Sara Webb: [00:05:13] Absolutely. In this environment, workers are in an entirely new setting, and it’s not just working from home. A lot of people had flexible schedules before this, but it’s all of the other bits and components. Your kids are at home, your families at home. You’re stressed. You’re pulled in five different directions. And yet, as an employer, you need to keep your people engaged and make sure that they have the proper setup and that they are taking care of the necessary steps that need to happen to get their job done at home. So, whether that’s speakers or technology, we’ve done a lot of the ear pods, so that people can be on all of these Zoom calls while they’re working.
Sara Webb: [00:06:04] And then, now, as states are starting to slowly open up, a lot of the conversation is around, what does the coming back look like? So, preparing employers with we’re doing a lot of mousepad that have, look, this is what we have to do to keep our team safe. These are the steps. Washing your hands and things like that. So, everybody’s getting new mouse pads. antibacterial pens. People need to be thinking about the materials that they’re using on a regular basis in a different way. Hand sanitizers, and masks, all of those things. So, anything that you can think of to help remind, reinforce, and enable your team and employees to work better and more effectively is really our focus, especially right now.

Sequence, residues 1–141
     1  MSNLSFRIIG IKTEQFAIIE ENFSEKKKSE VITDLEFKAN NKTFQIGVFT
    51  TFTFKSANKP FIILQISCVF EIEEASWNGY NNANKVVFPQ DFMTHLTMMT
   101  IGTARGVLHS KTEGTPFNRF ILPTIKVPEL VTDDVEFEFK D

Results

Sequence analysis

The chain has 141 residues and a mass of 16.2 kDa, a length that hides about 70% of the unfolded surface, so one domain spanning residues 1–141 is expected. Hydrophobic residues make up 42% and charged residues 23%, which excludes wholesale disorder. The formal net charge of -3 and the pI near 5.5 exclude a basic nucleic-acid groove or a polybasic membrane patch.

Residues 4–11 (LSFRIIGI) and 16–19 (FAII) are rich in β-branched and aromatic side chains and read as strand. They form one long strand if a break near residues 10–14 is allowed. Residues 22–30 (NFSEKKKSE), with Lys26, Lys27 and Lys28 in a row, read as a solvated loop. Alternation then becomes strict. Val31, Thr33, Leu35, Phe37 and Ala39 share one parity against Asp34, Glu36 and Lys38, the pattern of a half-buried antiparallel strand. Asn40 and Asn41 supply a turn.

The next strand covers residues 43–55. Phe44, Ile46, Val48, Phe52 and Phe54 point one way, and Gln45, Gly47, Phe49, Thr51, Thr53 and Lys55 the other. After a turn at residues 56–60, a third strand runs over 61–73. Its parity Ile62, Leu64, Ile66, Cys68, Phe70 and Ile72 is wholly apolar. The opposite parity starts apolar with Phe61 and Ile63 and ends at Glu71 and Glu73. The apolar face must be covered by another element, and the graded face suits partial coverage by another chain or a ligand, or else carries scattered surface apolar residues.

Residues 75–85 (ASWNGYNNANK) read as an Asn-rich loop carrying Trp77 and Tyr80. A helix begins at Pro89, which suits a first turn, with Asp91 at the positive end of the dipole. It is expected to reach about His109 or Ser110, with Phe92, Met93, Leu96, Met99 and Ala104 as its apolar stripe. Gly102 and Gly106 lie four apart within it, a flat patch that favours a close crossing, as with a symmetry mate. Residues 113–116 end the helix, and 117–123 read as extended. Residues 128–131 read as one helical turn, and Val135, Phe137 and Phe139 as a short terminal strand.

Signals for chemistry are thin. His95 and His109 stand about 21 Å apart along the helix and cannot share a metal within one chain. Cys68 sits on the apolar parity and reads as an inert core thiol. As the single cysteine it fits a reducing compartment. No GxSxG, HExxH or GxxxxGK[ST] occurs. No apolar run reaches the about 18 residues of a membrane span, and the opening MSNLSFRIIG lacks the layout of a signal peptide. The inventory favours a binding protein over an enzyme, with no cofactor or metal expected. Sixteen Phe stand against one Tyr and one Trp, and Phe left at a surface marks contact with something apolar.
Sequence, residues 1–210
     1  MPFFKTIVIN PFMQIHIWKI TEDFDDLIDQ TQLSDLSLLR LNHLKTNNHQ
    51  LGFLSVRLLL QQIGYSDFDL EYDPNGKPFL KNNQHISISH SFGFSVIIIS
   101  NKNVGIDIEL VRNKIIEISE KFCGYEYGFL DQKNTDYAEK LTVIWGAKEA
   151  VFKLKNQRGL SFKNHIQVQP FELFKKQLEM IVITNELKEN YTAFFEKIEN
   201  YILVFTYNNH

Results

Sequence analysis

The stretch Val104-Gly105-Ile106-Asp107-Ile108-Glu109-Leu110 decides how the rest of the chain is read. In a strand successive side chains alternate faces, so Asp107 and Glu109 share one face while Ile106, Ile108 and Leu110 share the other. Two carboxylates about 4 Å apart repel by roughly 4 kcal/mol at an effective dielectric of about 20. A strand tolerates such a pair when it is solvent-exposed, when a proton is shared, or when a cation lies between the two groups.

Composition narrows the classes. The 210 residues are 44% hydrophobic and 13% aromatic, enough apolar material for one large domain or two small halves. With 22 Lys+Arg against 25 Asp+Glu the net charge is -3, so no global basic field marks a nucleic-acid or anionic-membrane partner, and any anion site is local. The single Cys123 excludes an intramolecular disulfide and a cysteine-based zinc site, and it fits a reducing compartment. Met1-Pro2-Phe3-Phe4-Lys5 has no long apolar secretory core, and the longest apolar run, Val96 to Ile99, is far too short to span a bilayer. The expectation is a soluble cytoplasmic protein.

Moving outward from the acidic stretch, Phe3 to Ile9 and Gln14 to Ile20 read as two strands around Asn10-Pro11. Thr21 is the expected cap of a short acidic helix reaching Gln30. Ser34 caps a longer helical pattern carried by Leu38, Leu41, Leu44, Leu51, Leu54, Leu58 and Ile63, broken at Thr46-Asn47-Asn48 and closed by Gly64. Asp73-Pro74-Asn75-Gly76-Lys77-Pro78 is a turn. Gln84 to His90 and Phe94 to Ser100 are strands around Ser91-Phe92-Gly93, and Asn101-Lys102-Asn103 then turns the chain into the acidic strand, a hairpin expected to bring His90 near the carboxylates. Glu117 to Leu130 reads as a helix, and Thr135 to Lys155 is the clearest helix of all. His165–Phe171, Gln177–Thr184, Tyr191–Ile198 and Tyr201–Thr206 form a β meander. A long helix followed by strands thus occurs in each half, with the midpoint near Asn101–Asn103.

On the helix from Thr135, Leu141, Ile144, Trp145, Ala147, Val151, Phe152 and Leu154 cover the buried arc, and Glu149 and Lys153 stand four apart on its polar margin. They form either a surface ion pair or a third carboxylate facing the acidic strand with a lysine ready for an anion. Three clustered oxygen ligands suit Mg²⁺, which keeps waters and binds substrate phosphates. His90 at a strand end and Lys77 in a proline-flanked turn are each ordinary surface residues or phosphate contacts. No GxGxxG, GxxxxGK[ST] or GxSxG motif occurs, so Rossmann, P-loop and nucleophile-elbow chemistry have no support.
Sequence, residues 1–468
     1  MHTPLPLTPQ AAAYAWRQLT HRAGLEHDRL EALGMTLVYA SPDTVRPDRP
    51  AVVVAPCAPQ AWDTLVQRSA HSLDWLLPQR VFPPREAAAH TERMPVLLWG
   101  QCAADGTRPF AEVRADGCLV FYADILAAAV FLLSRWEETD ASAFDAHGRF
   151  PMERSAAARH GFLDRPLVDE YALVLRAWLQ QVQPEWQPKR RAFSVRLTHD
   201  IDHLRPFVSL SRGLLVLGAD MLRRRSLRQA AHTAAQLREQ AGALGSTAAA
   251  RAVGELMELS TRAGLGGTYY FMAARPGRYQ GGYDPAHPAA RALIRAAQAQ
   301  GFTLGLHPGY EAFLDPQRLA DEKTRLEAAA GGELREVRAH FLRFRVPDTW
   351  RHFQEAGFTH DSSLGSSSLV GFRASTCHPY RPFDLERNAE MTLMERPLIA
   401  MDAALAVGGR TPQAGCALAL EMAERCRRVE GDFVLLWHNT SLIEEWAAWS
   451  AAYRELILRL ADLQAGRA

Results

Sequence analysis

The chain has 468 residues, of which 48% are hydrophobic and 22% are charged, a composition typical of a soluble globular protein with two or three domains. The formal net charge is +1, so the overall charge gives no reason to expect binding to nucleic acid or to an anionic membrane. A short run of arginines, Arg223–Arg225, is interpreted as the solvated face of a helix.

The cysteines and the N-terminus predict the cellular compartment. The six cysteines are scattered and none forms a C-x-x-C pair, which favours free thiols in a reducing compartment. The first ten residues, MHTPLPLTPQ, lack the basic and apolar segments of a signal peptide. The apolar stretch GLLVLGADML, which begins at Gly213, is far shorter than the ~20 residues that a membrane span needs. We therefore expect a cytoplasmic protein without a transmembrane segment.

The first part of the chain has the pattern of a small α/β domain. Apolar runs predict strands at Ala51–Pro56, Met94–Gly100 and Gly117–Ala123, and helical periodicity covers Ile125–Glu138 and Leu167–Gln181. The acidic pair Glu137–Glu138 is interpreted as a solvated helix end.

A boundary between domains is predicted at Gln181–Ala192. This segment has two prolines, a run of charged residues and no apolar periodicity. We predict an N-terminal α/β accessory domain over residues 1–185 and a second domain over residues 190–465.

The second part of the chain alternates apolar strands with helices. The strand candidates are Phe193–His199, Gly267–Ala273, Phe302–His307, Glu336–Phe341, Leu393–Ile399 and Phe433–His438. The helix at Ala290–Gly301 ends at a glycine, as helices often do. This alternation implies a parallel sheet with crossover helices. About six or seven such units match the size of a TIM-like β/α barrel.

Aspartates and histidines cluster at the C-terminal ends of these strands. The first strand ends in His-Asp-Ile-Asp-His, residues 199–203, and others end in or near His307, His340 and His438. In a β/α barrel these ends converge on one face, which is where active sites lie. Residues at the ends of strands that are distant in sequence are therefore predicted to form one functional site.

Lee Kantor: [00:06:53] Could you talk about kind of what happened in your organization? Maybe share some advice and insight for our listeners that “Okay, now the crisis is happening. This is not something I’m reading about in the newspaper. This is real. Now, the government is telling me I have to change the way that we’ve always done business.” How did your team kind of react and adjust in handling this crisis?
Sara Webb: [00:07:19] Well, I think, the first couple of weeks— well, the first full week, I’m pretty sure that I was in shock and denial. I was trying to figure out, how are we going to pivot? How we’re going to move our team? During this time, there was a lot of events that were canceled. And a large part of our business is focused on trade shows, and events, and the swag that you get people to your booth, and the swag that you get for attending events. So, a lot of those were being canceled. So, when this happened in mid-March, we were finishing up a large-scale corporate project, and we finished that up, and we focused on the typical thing – cleaning up, invoicing, and closing out our month the way that we should.
Sara Webb: [00:08:11] And then, we started preparing our team to keep them safe. Making sure that we knew how to address and help support our clients even through a lot of this transition. We switched as an industry from selling branded promotional products to branded PPE or personal protection equipment. So, we have the masks and the gloves to keep teams safe and clients safe nationally and internationally. But I think the biggest thing that we have learned from this was keeping our team cross-trained, so that we could have a safe environment here. We had some team members in, and then some team members out of the office.